I’ve been working on an implementation of the ‘Grammar of Graphics’ inspired by a number of similar libraries including ggplot and vega (sorry for leaving out links - I’m a new user and apparently can only put two in this post).
The repository is here and the examples are currently on the docs page.
The main idea behind the library is that a wide variety of different plots can be created by composing a small set of primitive visual marks and that data can be encoded as some visual attribute of those marks. This is in contrast to more conventional plotting libraries which offer a fixed set of chart ‘types’.
As the name suggests, the library supports faceting i.e. dividing the data and rendering a series of ‘small multiples’ (plots that share the same axis and scale), allowing easy comparison between subsets of your data.
The linked library deals with the declaration and ‘compilation’ of a plot to a scenegraph. There are separate libraries for the scenegraph itself, themes and for rendering.
The scenegraph is intended to be general purpose target for any future visualization libraries I might need thereby reducing the scope of writing one to generating the scenegraph.
At the moment there is only an SVG renderer but I would love to extend this to Canvas and WebGL in the future. The SVG renderer makes use of @folkertdev
svg-path-lowlevel library - I would like to express my thanks for all your work if you happen to read this, it shortened the development time by weeks.
There is still quite a lot to do especially in tidying the implementation and writing useful documentation. I have made this public now as I actually want to use it in a work project so things should improve rapidly, time permitting!
I am particularly interested in feedback on the API at the moment.
I do happen to read this and man is this awesome!
If you have any feedback on using my packages, please let me know.
As to the API, reading through the example here, I think it would make sense to use records more, to make immediately clear what an (otherwise random) value is doing.
Using records doesn’t work everywhere (it limits function composition) and may take some more typing, but I think it would help with clarity, especially to newcomers. I think the opensolid/geometry package has found a nice balance between using function arguments and records.
This is a really cool project, and I’m exited to see where it will go.
Whoa, haven’t looked at it yet but sounds great!
Looks really cool. I hope to find the time to do some experiments with it and to see how awesome it really it. Nice to see that such high quality libraries are emerging in the Elm realm.
Thanks for sharing. Great to see datavis packages with a sound theoretical basis being developed.
Have you seen elm-vega, which is also based on the grammar of graphics and vega? Full disclosure: I am the author.
The current stable release published as an elm-package represents the entire Vega-Lite specification, so includes faceting and other view composition operators. I have also been working on representing the Vega spec, which you can see on the vega branch of the elm-vega repo. That is about two-thirds complete and should hopefully be published as a package in the new few weeks.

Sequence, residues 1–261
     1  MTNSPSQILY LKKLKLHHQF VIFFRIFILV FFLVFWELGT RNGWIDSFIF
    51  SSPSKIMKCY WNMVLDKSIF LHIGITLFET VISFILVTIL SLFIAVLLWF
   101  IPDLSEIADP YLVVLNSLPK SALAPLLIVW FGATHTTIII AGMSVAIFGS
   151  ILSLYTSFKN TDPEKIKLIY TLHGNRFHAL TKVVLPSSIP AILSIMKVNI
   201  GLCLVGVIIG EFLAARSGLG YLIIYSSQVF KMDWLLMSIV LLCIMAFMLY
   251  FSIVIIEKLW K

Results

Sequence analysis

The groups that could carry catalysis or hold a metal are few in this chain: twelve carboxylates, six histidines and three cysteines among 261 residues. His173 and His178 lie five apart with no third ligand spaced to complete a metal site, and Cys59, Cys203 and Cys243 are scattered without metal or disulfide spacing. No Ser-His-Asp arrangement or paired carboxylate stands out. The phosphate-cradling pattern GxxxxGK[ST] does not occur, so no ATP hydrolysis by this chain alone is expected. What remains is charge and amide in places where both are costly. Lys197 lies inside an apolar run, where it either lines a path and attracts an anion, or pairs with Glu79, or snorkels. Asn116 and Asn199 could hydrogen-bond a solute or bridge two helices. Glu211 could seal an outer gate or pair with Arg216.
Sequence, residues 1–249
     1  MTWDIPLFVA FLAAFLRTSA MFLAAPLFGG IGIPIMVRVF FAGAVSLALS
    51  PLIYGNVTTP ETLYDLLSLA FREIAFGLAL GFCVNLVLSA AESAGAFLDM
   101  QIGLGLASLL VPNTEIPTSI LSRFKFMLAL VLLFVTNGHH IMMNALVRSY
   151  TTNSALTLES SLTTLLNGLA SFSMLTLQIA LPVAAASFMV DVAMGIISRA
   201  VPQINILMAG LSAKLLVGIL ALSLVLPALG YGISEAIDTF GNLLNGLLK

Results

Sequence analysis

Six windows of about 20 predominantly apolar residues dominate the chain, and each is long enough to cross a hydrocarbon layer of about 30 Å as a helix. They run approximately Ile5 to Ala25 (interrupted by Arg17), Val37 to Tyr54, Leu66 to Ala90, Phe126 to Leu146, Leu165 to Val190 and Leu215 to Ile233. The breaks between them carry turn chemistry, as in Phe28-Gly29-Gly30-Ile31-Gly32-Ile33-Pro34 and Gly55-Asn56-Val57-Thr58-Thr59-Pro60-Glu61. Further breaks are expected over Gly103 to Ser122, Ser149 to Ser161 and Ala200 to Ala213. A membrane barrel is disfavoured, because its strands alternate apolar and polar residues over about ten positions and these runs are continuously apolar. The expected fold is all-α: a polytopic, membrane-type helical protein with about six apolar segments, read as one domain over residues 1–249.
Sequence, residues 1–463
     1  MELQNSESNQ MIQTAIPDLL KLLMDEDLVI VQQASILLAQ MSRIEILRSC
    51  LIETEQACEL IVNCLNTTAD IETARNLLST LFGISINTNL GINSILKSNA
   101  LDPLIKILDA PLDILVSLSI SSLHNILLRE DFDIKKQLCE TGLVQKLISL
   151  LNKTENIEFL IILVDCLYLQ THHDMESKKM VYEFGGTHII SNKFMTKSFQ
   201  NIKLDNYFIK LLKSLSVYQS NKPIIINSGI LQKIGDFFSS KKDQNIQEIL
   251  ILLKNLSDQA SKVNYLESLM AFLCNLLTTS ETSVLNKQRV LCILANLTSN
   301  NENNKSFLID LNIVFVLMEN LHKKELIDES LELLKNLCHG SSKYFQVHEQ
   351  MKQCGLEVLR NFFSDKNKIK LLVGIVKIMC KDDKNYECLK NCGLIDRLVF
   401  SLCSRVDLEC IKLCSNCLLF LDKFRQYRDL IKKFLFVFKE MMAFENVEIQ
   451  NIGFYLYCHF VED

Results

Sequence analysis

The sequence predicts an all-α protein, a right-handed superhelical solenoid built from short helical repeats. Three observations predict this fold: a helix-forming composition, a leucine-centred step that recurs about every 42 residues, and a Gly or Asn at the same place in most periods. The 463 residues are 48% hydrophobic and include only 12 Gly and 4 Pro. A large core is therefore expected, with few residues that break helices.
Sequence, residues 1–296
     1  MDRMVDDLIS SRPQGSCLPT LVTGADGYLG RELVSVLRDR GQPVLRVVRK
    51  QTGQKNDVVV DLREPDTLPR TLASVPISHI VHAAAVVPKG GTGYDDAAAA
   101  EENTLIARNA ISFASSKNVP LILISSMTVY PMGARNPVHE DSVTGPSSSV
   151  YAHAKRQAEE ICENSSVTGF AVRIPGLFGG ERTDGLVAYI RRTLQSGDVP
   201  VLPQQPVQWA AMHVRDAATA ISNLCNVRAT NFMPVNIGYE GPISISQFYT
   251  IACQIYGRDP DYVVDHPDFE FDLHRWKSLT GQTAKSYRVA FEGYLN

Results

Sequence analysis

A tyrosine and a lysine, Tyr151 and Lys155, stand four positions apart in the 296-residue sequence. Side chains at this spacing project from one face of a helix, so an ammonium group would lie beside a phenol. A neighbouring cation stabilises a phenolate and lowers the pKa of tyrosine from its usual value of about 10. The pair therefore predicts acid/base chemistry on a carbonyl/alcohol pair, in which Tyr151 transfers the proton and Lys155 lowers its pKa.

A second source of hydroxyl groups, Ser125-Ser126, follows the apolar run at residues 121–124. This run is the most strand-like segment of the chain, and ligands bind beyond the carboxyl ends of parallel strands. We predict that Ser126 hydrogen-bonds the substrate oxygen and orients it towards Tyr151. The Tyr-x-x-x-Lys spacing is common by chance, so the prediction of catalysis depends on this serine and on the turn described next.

What elm-vega doesn’t do is the direct rendering – this is handled by passing the JSON spec generated by the package to the Vega runtime via an Elm port. Perhaps pure Elm rendering of the Vega/Vega-Lite spec might be a basis for some collaboration in the future?
Thank you for the feedback - I think you are spot on with using records for the required channels for the various
I will write up my thoughts on
one-true-path-experiment and pass them to you in the next couple of weeks.
I had seen the elm-vega package - it looks like you had as much fun deciphering the intent of the vega specification as me!
One of the reasons I started this project was to see what barriers I would run into when trying to build something like vega / ggplot / gadfly in a statically typed language and have it deeply embedded i.e. using the host languages type system rather than a DSL.
At some points, early on, I was convinced I would need more complex type machinery but I managed to express most of what I needed with Elm’s type system. Row polymorphism turned out to be a great help with the library both internally and when defining a plot.
I haven’t solved everything yet - It’s not immediately clear to me how I would extend to some of the other composition primitives vega has introduced (like ‘concatenation’) and whether it is even desirable to do so.
I have nascent versions of Facet in both F# and ReasonML and each type systems has advantages and disadvantages - polymorphic variants (which are described halfway through this page https://realworldocaml.org/v1/en/html/variants.html) in ReasonML have been the biggest eye opener and something I would love to have in other languages.
The take away was that it can be a little tricky to do what is needed in a static type system but the consequence is that adhering to some visualization best-practices (e.g. a single scale for a plot) became pretty much unavoidable.
As you may have noticed, the
Scenegraph defined in the facet-scenegraph-alpha package is very similar to the vega scenegraph. If you can define your visualization in terms of a scenegraph then rendering is fairly straightforward since all the measurement is assumed to have been done by this point.
The main challenge for me was generating the scenegraph from the plot specification - this was the part the library that took the most time and still isn’t completely right. In particular, measuring axis labels has proved to be problematic when I have an axis with a continuous scale but the user hasn’t explicitly set the domain (i.e. I don’t know what the labels are yet!).
I would be interested if you have any insight as to how vega approaches this?
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